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I have set of classes. Each class is inherited from another class. The relationship is as follows. (I am just posting how one class inherited from another class, just to get idea for all of you)

class LineNumberList : public MyVector <LineNumber > //top class
class MyVector : public std::vector <Type>
class LineNumber : public ElementNumber 

class ElementNumber {                 //this is the base class
        protected:
    int number;
        public:
    ElementNumber(int p){number=p;}
         // some more codes // 
}

Now, I want to implement a function which can be used to find elements inside my topclass i.e. LineNumberList. I tried with standard find function, but it doesn’t work. Can anyone help me to implement similar find function for my case, it is highly appreciated.

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1  
What's the actual code? This can't possibly be what you have. What's the definition of LineNumber, MyVector, Type, and LineNumberList? And why are you deriving from std::vector since composition seems to be the much better option here? And I can't help but to think that you're way over-designing this. What is it you're trying to do? –  In silico Aug 4 '11 at 22:22
2  
Have you tried std::find_if(). Also it's quite weired to derive from vector instead using it's as a member variable... –  Gob00st Aug 4 '11 at 22:23
7  
You almost certainly do not want to do this. vector isn't designed or intended to use as a base class, and using it that way is asking for trouble. –  Jerry Coffin Aug 4 '11 at 22:24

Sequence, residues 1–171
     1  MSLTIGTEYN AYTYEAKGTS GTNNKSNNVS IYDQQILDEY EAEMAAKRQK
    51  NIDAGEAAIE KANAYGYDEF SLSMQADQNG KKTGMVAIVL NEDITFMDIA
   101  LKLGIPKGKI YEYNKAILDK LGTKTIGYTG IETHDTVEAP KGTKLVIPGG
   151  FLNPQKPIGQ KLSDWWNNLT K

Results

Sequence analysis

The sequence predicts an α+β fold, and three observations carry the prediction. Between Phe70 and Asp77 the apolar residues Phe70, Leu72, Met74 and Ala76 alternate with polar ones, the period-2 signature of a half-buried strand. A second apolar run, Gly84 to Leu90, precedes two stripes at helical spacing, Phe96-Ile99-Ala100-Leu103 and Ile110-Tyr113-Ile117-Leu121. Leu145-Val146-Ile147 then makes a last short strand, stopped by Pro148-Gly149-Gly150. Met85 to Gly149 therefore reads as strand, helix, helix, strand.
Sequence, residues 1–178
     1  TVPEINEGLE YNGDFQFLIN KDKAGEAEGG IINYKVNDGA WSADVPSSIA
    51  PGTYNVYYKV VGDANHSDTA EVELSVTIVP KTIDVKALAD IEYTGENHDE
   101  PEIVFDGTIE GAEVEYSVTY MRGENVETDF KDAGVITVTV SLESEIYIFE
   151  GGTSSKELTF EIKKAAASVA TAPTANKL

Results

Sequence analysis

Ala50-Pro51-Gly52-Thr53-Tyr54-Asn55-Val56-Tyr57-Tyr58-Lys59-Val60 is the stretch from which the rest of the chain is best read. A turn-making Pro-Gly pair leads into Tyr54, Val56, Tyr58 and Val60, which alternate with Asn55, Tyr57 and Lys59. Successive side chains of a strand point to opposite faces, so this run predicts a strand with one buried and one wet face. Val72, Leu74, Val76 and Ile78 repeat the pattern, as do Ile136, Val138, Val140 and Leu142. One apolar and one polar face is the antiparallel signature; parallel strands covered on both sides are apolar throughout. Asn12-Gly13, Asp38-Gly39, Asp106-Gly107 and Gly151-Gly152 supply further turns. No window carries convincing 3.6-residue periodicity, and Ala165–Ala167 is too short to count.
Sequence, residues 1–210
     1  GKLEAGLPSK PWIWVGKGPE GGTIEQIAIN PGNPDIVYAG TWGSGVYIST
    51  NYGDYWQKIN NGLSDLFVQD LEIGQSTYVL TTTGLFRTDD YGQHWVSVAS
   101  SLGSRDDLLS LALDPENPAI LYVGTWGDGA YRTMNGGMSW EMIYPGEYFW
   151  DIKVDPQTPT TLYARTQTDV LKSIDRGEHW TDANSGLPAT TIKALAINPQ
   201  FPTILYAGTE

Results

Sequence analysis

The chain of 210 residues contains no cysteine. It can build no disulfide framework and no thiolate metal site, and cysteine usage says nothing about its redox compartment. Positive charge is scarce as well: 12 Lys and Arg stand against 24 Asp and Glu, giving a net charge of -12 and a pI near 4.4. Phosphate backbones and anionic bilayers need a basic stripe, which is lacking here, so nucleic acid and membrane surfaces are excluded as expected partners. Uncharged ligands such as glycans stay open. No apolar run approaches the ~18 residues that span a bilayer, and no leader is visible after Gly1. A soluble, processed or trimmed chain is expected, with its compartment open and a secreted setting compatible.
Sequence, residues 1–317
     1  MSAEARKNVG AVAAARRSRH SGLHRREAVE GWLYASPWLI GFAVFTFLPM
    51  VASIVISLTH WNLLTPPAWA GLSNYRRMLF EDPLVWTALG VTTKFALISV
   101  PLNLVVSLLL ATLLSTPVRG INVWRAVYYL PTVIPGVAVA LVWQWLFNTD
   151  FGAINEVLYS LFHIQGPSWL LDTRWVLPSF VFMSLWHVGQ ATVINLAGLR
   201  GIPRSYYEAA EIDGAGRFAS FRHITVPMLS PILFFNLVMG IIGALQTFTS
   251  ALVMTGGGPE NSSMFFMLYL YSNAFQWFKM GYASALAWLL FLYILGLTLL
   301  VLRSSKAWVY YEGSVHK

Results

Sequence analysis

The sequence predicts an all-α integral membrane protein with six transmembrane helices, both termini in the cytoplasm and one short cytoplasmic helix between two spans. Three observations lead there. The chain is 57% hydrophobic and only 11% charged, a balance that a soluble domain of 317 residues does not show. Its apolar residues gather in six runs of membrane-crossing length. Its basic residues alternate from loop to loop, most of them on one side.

5  
Be wary of inheriting from classes that weren't expressly designed to be superclasses (i.e., std::vector). It has a non-virtual destructor. –  Toolbox Aug 4 '11 at 22:25

1 Answer 1

up vote 3 down vote accepted

"I tried with standard find function, but it doesn’t work." Works for me:

#include <vector>
#include <iostream>
#include <algorithm>

class ElementNumber {
  protected:
    int number;
  public:
    ElementNumber(int p) :number(p) {}
    bool operator==(const ElementNumber&e) { return number == e.number; }
};
class LineNumber : public ElementNumber {
  public:
    LineNumber(int p) : ElementNumber(p) {}
};
template <class Type>
class MyVector : public std::vector<Type> {
};
class LineNumberList : public MyVector<LineNumber> {
};

// EDIT: add local implementation of std::find
template<class InputIterator, class T>
InputIterator myfind ( InputIterator first, InputIterator last, const T& value )
{
  http://www.cplusplus.com/reference/algorithm/find/
  for ( ;first!=last; first++) if ( *first==value ) break;
  return first;
}

int main() {
  LineNumberList ll;
  LineNumber l(7);
  ll.push_back(l);
  std::cout << std::boolalpha << !(std::find(ll.begin(), ll.end(), l) == ll.end()) << "\n";
  std::cout << std::boolalpha << !(::myfind(ll.begin(), ll.end(), l) == ll.end()) << "\n";
}
share|improve this answer
    
@ rob, thank you for your response. but, i would like to learn how can i implemente std::find for our own classes instead of calling that function. any possibility to do this sir? –  niro Aug 4 '11 at 23:00
    
@g_niro : "instead of calling that function" Instead of calling what function? He directly demonstrates calling std::find with your class types. –  ildjarn Aug 4 '11 at 23:04
1  
@g_niro, why do you not want to call std::find? (Seriously though, don't use inheritance like this, and avoid inheritance in C++ altogether unless you really know what you are doing. Templates and object composition almost always present a better alternative.) –  Mankarse Aug 5 '11 at 3:00
    
@g_niro - I must have misunderstood your question. If you want to implement std::find on your own, see my edit. –  Robᵩ Aug 5 '11 at 14:59
    
@ Rob, thanks.. i will use it. –  niro Aug 7 '11 at 13:12

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